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In Veto Statement, Newsom Rebukes Friedman for Blocking Green Transportation Funding

Governor Gavin Newsom and Assemblymember Laura Friedman – photo via Twitter

Governor Gavin Newsom rebuked State Assemblymember Laura Friedman for her role in blocking $7.6 billion worth of green transportation funding. The reprimand was buried in Newsom's statement in vetoing Friedman's bill A.B. 1147 last Friday.

In September, Friedman and Assembly Speaker Anthony Rendon led budget negotiations that ended at an impasse, with legislators rejecting the governor's proposed allocations for high-speed rail ($4.2 billion), transit capital ($2.5 billion, including $1 billion for L.A. Olympics transit projects), active transportation ($500 million), and more. The deeply anti-high-speed rail L.A. Times recently revealed some new details about Friedman's role in the fiasco: "Friedman led the negotiations for the Legislature on the [governor's proposed high-speed rail] appropriations. She said the Legislature offered Gov. Gavin Newsom $1 billion for construction and another $1.5 billion for change orders in August. ...But Newsom held out for the full $4.2 billion." Via Twitter, Friedman has denied that she blocked the proposed transportation funding, calling the assertion "ridiculous."

Friedman authored A.B. 1147, which would have modified the regional transportation planning processes to require more data and analysis regarding greenhouse gas reductions, and would also have called on Caltrans to develop a pilot system of branded bicycle highways.

Newsom's veto statement noted that he shares Friedman's "goal to align policies and promote the use of active transportation modes such as walking and biking," but further declared that A.B. 1147 is "not necessary because state agencies are already collaborating" on green transportation. Then Newsom reasserted his call for the Assembly to approve the green transportation funding proposal blocked by Rendon and Friedman:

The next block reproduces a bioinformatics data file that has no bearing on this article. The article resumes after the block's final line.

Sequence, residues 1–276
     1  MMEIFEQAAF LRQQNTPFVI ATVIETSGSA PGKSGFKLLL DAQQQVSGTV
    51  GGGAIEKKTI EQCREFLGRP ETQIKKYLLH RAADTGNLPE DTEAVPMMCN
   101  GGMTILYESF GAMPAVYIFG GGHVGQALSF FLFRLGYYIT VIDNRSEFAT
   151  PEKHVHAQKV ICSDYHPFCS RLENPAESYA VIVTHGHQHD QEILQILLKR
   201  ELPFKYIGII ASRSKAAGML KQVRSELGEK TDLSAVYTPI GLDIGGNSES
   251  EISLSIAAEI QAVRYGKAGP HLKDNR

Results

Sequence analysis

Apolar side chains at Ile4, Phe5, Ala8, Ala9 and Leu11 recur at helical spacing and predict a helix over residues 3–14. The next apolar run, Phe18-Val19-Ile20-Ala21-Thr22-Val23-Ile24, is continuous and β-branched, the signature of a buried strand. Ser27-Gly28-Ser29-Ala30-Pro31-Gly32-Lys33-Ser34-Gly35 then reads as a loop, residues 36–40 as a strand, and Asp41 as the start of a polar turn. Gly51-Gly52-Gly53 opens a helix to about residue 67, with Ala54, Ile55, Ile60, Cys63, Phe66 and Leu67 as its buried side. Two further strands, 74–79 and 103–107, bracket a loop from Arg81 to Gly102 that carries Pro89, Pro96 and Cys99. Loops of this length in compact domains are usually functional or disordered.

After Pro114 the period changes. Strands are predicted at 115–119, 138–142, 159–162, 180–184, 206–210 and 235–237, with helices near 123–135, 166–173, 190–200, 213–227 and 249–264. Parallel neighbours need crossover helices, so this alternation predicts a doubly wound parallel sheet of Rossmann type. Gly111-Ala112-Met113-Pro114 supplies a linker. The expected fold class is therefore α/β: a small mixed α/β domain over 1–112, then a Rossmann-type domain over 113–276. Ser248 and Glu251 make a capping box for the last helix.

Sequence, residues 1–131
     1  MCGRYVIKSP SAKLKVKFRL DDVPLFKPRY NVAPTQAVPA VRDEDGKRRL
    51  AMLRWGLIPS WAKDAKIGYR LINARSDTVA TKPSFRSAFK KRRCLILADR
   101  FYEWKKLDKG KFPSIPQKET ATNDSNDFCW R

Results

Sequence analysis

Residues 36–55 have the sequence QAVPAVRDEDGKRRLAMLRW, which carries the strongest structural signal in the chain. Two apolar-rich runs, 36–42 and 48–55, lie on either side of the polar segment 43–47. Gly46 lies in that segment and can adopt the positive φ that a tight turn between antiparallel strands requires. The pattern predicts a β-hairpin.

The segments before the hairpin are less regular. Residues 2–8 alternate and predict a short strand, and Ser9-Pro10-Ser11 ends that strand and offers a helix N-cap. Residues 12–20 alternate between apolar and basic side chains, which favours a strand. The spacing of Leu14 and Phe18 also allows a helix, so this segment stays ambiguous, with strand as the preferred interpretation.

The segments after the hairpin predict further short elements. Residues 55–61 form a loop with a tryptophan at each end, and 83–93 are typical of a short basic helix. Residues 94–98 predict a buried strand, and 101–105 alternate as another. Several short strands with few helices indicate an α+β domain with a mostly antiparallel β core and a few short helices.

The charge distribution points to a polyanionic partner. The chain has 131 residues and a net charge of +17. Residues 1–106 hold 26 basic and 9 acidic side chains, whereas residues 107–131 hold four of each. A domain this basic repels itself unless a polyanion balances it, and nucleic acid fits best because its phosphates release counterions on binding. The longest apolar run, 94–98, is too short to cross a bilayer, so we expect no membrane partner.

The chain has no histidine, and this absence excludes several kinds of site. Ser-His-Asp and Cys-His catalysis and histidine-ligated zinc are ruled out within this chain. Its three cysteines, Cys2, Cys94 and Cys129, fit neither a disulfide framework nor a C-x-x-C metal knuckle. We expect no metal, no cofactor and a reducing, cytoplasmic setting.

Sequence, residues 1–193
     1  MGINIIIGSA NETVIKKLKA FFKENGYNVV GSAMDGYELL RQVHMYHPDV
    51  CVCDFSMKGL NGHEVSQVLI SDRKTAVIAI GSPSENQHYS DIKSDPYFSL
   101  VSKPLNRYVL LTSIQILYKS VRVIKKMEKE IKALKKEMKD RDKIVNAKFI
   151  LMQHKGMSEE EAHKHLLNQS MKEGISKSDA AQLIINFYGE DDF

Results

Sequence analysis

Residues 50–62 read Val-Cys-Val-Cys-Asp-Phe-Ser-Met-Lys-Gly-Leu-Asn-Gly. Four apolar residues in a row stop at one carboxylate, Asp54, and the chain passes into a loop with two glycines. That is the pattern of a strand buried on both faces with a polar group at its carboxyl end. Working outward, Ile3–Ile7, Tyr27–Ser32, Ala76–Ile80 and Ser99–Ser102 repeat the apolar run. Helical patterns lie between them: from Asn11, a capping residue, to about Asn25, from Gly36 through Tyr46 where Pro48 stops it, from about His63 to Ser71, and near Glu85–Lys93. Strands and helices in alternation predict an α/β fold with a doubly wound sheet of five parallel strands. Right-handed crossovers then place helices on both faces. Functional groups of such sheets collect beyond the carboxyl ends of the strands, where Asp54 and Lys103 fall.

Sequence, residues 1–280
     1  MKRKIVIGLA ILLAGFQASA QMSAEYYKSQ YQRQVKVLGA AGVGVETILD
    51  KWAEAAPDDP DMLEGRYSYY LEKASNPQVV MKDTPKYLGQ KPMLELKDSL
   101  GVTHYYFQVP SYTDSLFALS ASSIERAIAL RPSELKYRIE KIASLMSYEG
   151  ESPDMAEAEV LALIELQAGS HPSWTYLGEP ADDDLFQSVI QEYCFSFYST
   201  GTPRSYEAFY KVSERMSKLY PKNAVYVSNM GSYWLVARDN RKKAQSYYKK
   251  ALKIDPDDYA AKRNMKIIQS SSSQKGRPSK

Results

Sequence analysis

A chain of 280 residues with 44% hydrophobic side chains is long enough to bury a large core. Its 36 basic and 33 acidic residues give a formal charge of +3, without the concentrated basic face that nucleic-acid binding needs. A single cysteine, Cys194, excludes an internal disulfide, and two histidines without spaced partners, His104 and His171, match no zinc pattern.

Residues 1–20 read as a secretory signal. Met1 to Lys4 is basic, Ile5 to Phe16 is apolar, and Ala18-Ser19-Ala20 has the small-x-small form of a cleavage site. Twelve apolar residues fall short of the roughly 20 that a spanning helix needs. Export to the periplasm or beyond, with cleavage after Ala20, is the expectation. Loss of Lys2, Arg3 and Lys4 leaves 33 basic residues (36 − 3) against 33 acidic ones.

I proposed $7.6 billion to make key investments in a wide variety of critically necessary projects including high speed rail, transit connectivity projects in advance of the 2028 Los Angeles Olympics, active transportation, and a variety of other rail system improvements. Not only will these projects improve safety and access for bicyclists and pedestrians, they will significantly reduce greenhouse gas emissions and are key to meeting our state's climate objectives.

I look forward to re-engaging with the Legislature to finalize and pass a comprehensive transportation package early next year.

It's not clear whether Newsom would have vetoed A.B. 1147 anyway. It is clear that Newsom is laying down the gauntlet for the next round of negotiations on the same proposal that Rendon and Friedman turned down in September. Those negotiations could give a green light - or bring another disappointing delay - for much-needed funding for rail, transit, bike, walk, and climate funding. Those are components of the same "statewide, integrated, multimodal transportation system" and greenhouse gas emission reductions that Friedman expected to achieve via A.B. 1147.

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